The Joint Commission released Speak Up Against Discrimination, a new campaign that encourages patients to speak up if they have faced discrimination while receiving healthcare. The campaign comes at a time when the COVID-19 pandemic has brought health inequities and disparities to the forefront.
Differences in the quality of care received by patients or barriers and impediments to care can be due to a wide range of factors, including access to care or lack of resources, age, education level, gender identity or expression, geographic location, language, physical or mental ability, race or ethnicity, religion or culture, sexual orientation, and social and/or economic status. The Speak Up campaign lists patients’ rights They include:
- Timely and appropriate care that is free from discrimination.
- Being treated with courtesy and respect.
- An interpreter who can help effectively communicate with care providers.
Additionally, the campaign includes several recommended steps that patients can take if they experience discrimination and substandard care:
- Inquire about the healthcare organization’s policy for reporting complaints. If possible, try to work with the organization.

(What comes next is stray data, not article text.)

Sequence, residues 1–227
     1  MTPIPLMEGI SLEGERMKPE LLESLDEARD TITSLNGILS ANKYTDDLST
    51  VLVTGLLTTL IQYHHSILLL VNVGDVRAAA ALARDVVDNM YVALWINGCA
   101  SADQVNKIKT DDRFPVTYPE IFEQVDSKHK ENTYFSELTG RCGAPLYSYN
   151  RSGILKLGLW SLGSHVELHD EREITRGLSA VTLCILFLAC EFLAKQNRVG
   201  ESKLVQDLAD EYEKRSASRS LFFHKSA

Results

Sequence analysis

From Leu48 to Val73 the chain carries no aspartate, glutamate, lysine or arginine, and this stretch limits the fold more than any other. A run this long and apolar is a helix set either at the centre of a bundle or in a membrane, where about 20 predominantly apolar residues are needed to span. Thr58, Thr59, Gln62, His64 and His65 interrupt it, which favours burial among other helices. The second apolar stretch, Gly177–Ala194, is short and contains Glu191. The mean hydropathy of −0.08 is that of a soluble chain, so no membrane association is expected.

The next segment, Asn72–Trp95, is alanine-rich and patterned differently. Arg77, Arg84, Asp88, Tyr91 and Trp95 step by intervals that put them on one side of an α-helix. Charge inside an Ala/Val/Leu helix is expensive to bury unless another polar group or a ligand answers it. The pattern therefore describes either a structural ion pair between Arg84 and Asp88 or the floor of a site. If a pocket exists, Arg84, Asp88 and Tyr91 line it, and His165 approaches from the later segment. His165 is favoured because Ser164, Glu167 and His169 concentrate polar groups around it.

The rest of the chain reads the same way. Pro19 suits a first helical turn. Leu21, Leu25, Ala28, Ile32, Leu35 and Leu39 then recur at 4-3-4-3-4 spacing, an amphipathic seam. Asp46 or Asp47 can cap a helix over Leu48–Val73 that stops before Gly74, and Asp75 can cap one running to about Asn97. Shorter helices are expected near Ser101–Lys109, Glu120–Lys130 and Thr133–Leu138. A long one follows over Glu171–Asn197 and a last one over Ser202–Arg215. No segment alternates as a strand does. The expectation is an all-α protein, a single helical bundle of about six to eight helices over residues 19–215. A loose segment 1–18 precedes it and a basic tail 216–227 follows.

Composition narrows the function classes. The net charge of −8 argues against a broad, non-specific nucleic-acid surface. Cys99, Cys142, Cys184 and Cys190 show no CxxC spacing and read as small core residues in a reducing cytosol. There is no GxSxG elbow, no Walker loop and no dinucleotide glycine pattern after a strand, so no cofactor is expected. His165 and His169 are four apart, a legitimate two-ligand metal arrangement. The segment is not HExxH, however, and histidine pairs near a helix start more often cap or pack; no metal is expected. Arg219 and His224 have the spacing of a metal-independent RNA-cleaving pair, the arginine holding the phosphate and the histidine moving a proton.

- Talk to someone in the organization’s patient advocacy department (sometimes called the patient liaison office or the patient advocacy team).
- File a complaint with the Office for Civil Rights, which is part of the U.S. Department of Health and Human Services, or with your state’s health department.
- Contact the U.S. Department of Justice’s Civil Rights Division.
If the issue remains unaddressed and the organization is accredited or certified by The Joint Commission, report a patient safety concern to its Office of Quality and Patient Safety.
“The Joint Commission has no tolerance for discrimination in healthcare – every patient deserves to be treated with respect and dignity,” says Ana Pujols McKee, MD, Executive Vice President and Chief Medical Officer, Chief Diversity and Inclusion Officer, The Joint Commission.
“Unfortunately, institutional, systemic racism and bias still exist in health care. While we have Joint Commission standards and requirements in place to help health care organizations provide care that is free from discrimination, I strongly encourage any patient who receives discriminatory care to speak up and act. By doing so, you may help future patients from being discriminated against.”